Picking the Right Hybrid Shaft
Picking the right hybrid shaft is very important, especially when replacing long irons. According to our current poll, 35% of our golfers say the WORST club(s) in their bag are their long irons. So, maybe new hybrids are in order. (see our related blog post on long irons here).
While buying a hybrid off-the-rack is the most common purchase, the shafts offered very likely do not fit the majority of golfers. Most hybrid shafts that we test during a fitting are too soft (flexible) and too light of weight. This can cause very poor ball contact, wide shot dispersion and a loss of distance.
So how do we determine which shaft is best for your swing dynamics? Our BGF Fitting System has modeled thousands of golfers swings and will dynamically recommend the proper shaft length, weight, flex, swing weight and profile (trajectory and spin) to optimize your hybrid performance based upon your unique swing dynamics.
The longest, lightest, yet stiffest club in you bag is your driver. The heaviest, shortest and most flexible clubs will be your wedges. As clubs get shorter from driver to fairway woods to hybrids, the shaft weights will get progressively heavier. This varies based upon your strength and swing profile (tempo, transition and release) but in general, hybrid shafts will be 10 to 20 grams heavier than your driver shaft weight. In some instances, the hybrid shafts will be the same weight as your irons but never heavier. If you have very poor ball contact on either the heel or toe, if is probably because the shaft in your hybrid is too light. If you have difficulty getting the ball in the air your hybrid shaft could be too heavy.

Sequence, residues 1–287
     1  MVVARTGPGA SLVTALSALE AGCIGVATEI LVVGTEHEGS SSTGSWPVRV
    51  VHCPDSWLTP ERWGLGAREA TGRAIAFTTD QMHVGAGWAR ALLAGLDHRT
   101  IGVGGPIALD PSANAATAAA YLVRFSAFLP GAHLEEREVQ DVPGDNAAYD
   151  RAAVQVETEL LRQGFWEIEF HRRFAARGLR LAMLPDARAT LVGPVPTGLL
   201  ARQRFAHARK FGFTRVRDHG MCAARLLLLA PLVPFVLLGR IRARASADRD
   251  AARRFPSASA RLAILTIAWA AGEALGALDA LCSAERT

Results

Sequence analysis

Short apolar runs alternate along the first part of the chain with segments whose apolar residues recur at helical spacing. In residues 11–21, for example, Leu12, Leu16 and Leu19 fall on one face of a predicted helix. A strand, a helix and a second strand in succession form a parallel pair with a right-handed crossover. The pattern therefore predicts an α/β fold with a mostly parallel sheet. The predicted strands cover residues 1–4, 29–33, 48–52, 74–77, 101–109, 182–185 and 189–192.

Just like shaft weights get heavier from driver to wedges, shaft flexes should get softer from driver to fairway woods to hybrids. This again is determined by your strength and swing profile. In general, your hybrid shaft flex should be slightly stiffer than your iron shaft flex. This is because the hybrid shafts are typically .75 inches longer than the equivalent iron and will need to play slighter stiffer than the iron in order to provide more control. If your shot dispersion is very wide and you tend to hook your shots, your hybrid shaft is more than likely too flexible. If you tend to push your shots or slice them, the shaft could be too stiff. By all means, do not trust the flex stated on the shaft, i.e. R (Men’s Regular) or S (Men’s Stiff), as the shafts usually play much softer than stated. In some cases a shaft marked R will play as soft as Ladies flex.
Hybrid shaft lengths are usually .75 inches longer than the equivalent iron. This is typical for hybrid clubs with graphite or light weight steel shafts. So, a 22 degree 4 hybrid will typically be 39.5 inches but a lot of manufacturers are making hybrids up to 1.25 inches longer than the equivalent iron. Be careful not to get your hybrid shafts too long as this can create more shot dispersion and poor ball contact.
Well fit hybrids can become some of the best clubs in your bag for versatility. Whether it is off the tee, from fairway or rough, the right shaft length, weight and flex in your hybrids will create some of your best shots!